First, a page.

Electronic health records (EHRs) offer the opportunity to transform quality improvement by using clinical data for comparing hospital performance without the burden of chart abstraction. However, current performance measures using EHRs are lacking.
With support from the Centers for Medicare & Medicaid Services (CMS), we developed an outcome measure of hospital risk-standardized 30-day mortality rates for patients with acute myocardial infarction for use with EHR data. As no appropriate source of EHR data are currently available, we merged clinical registry data from the Action Registry—Get With The Guidelines with claims data from CMS to develop the risk model (2009 data for development, 2010 data for validation). We selected candidate variables that could be feasibly extracted from current EHRs and do not require changes to standard clinical practice or data collection. We used logistic regression with stepwise selection and bootstrapping simulation for model development.
The final risk model included 5 variables available on presentation: age, heart rate, systolic blood pressure, troponin ratio, and creatinine level. The area under the receiver operating characteristic curve was 0.78. Hospital risk-standardized mortality rates ranged from 9.6% to 13.1%, with a median of 10.7%. The odds of mortality for a high-mortality hospital (+1 SD) were 1.37 times those for a low-mortality hospital (−1 SD).
This measure represents the first outcome measure endorsed by the National Quality Forum for public reporting of hospital quality based on clinical data in the EHR. By being compatible with current clinical practice and existing EHR systems, this measure is a model for future quality improvement measures.
*Yale New Haven Health Services Corporation—Center for Outcomes Research and Evaluation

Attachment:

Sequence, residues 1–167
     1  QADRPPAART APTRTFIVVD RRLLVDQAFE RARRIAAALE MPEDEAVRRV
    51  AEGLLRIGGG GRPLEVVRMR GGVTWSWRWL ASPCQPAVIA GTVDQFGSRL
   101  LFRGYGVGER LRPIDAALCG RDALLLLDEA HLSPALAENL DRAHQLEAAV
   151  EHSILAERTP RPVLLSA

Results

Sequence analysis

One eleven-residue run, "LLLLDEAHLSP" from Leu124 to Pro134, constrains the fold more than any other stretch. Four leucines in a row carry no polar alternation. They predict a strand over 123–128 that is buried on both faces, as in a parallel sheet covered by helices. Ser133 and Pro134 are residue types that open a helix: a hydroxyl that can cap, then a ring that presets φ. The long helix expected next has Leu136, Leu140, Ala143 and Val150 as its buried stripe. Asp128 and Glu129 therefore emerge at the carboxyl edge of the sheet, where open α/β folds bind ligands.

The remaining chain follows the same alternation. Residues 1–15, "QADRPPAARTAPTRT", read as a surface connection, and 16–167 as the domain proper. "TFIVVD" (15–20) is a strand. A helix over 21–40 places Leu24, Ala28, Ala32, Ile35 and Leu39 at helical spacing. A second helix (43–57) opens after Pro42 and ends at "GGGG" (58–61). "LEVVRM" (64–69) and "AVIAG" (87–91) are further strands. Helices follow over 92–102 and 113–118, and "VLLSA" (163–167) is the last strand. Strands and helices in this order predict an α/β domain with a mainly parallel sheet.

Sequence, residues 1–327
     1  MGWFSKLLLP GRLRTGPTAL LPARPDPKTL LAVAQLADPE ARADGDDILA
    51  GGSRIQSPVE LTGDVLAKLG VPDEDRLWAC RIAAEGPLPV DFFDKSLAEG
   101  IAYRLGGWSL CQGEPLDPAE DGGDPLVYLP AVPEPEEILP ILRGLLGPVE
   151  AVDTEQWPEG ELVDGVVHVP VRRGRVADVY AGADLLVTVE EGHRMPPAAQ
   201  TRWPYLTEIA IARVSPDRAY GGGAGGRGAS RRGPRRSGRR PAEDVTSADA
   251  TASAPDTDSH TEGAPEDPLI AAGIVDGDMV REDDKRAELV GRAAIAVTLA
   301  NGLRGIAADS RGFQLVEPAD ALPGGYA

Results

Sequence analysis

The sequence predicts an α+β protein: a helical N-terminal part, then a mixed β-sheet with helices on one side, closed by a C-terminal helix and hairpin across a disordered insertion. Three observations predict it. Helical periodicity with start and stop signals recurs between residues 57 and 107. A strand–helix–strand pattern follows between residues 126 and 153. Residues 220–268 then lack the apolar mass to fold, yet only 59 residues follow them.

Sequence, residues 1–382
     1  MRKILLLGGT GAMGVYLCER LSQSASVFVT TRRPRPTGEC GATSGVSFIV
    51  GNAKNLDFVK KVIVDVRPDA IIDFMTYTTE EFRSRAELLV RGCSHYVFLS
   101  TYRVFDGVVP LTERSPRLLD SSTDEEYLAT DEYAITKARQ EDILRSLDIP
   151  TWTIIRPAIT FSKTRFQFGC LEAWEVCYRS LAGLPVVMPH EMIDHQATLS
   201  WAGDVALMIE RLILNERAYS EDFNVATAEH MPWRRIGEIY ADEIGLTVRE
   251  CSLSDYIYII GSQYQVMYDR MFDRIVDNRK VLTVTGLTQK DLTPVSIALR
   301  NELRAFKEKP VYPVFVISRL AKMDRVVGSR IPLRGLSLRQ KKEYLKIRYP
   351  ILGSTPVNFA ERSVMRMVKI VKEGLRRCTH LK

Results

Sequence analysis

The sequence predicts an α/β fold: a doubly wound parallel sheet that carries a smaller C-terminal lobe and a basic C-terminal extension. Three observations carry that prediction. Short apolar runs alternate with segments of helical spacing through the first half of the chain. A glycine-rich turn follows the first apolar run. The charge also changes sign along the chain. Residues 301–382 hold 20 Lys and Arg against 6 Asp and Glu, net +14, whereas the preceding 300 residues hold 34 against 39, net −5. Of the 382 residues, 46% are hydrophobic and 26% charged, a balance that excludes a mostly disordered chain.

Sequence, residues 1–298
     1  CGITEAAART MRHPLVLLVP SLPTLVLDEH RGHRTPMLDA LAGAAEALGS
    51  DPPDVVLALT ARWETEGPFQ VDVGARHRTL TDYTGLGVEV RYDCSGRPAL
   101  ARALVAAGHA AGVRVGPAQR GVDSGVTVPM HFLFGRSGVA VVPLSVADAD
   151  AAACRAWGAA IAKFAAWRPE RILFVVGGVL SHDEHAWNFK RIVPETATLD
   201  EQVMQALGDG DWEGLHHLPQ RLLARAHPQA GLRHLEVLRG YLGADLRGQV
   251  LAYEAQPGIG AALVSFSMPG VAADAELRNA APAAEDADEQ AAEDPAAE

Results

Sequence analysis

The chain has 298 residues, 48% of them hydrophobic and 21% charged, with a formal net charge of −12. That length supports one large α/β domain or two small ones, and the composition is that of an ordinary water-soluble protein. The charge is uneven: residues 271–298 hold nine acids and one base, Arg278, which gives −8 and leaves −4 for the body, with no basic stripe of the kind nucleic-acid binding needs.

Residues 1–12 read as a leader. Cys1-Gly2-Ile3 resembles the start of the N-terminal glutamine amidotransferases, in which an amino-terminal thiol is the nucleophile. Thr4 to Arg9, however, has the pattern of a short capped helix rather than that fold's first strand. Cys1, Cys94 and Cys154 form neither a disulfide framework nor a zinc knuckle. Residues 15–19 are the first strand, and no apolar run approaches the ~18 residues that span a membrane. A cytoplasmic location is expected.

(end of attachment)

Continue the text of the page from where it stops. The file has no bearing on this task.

†Section of Cardiovascular Medicine, Department of Internal Medicine, Yale University School of Medicine, New Haven, CT
‡American Heart Association, Quality and Health IT
§Department of Internal Medicine, University of Texas Southwestern Medical Center, Dallas, TX
∥Robert Wood Johnson Foundation Clinical Scholars Program, Department of Internal Medicine, Yale University School of Medicine
¶Department of Health Policy and Management, Yale School of Public Health
#Section of General Internal Medicine, Department of Internal Medicine, Yale University School of Medicine, New Haven, CT
Supplemental Digital Content is available for this article. Direct URL citations appear in the printed text and are provided in the HTML and PDF versions of this article on the journal's Website, www.lww-medicalcare.com.
The analyses on which this publication is based were performed under Contract Number Contract # HHSM-500-2008-00025I/HHSM-500-T0001, Modification No. 000007, funded by the Centers for Medicare & Medicaid Services, an agency of the US Department of Health and Human Services. The authors assume full responsibility for the accuracy and completeness of the ideas presented. The views expressed in this manuscript represent those of the authors. The content of this publication does not necessarily reflect the views or policies of the Department of Health and Human Services, nor does mention of trade names, commercial products, or organizations imply endorsement by the US Government. In addition, the views expressed in the manuscript do not necessarily represent the official views of the American College of Cardiology Foundation or the American Heart Association. This manuscript represents work performed under a contract from the Centers for Medicare and Medicaid Services.
R.L.M.: salary American Heart Association (major); endpoint adjudication committee Pfizer (minor). The remaining authors declare no conflict of interest.
Reprints: Robert L. McNamara, MD, MHS, Yale University School of Medicine, P.O. Box 208017, New Haven, CT 06520-8017. E-mail: firstname.lastname@example.org.